Moreover, the American Rescue Plan has expanded access to wealth creation through small business ownership in Black communities, and President Biden has directed agencies to use federal contracting authority to increase its procurement from small, disadvantaged businesses, including Black-owned businesses, by 50% by 2025. This translates to an additional $100 billion over five years and leveraging the purchasing power of the federal government to help narrow the racial wealth gap. 

Fortunately, the Commerce Department is uniquely positioned to help recovering minority businesses, which will be even more important considering that “the number of African-American business owners in operation surged to almost 1.5 million…up 38% from February 2020,” according to recent research.    

The Bipartisan Infrastructure Law also included statutory authority to make the Minority Business Development Agency (MBDA) permanent. MBDA is the only agency within the federal government that is focused on supporting the long-term health and wellbeing of minority-owned businesses. Our programs at MBDA are already producing results, having helped minority-owned businesses secure more than $2 billion in contracts, $708 million in financing, and supported the creation and retention of nearly 14,000 jobs. At Commerce, we are committed to keeping up this momentum with the new authority granted to MBDA and will continue our work to create a more equitable economy that gives every American a chance to succeed.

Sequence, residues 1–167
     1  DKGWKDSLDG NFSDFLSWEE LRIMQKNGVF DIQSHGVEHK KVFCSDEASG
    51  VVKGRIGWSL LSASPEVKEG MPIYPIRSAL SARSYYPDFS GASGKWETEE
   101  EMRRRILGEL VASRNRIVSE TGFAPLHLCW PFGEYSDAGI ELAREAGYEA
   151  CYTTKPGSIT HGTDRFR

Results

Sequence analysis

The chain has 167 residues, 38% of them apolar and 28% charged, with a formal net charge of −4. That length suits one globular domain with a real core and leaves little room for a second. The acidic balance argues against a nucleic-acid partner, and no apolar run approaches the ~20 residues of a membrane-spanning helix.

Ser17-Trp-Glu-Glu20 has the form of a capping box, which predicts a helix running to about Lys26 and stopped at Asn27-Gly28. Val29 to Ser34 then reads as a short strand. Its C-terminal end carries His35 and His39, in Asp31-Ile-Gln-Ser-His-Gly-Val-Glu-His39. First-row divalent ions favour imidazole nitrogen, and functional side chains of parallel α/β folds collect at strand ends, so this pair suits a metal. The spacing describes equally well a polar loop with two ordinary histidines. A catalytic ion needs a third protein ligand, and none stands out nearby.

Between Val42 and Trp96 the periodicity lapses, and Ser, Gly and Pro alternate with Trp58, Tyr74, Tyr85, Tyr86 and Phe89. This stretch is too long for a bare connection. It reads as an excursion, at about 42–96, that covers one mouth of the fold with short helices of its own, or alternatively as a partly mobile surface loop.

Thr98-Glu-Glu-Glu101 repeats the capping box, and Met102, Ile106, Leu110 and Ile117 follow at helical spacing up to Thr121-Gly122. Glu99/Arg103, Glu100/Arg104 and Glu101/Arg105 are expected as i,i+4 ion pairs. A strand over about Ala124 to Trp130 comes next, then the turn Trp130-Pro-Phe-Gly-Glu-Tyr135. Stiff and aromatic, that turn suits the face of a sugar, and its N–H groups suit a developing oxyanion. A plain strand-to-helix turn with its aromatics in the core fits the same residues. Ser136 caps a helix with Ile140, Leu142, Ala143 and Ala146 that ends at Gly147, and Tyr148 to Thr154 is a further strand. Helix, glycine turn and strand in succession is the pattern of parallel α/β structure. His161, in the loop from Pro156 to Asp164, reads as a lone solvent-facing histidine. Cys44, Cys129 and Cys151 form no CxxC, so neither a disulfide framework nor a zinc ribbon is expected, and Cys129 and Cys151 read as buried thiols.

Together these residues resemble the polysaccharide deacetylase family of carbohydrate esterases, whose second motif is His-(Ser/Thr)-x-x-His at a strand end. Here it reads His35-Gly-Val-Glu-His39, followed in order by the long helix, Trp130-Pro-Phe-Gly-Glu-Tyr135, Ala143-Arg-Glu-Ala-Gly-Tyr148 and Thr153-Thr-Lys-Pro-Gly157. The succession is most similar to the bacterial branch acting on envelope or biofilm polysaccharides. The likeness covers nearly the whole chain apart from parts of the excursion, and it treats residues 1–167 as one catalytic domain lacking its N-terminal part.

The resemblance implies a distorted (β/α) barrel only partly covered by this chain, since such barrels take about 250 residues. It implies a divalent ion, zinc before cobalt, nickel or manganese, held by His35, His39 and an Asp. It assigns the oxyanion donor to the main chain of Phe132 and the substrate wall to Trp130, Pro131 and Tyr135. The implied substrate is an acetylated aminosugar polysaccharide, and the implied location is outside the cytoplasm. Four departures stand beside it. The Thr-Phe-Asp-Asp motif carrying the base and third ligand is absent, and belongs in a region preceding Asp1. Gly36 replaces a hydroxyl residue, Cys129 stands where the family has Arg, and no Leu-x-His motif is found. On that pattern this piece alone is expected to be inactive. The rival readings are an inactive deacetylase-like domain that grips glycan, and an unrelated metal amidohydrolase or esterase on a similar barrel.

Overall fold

The U.S. Department of Commerce will use every tool at its disposal to help create high-quality, family sustaining jobs; opportunities to build skills and advance careers; and, along with the entire administration, will bring the full weight of our resources of the federal government to ensure that all Americans can participate in the 21st-century economy. It is not only the right thing to do but will make our American businesses and workers more competitive here at home and on the world stage.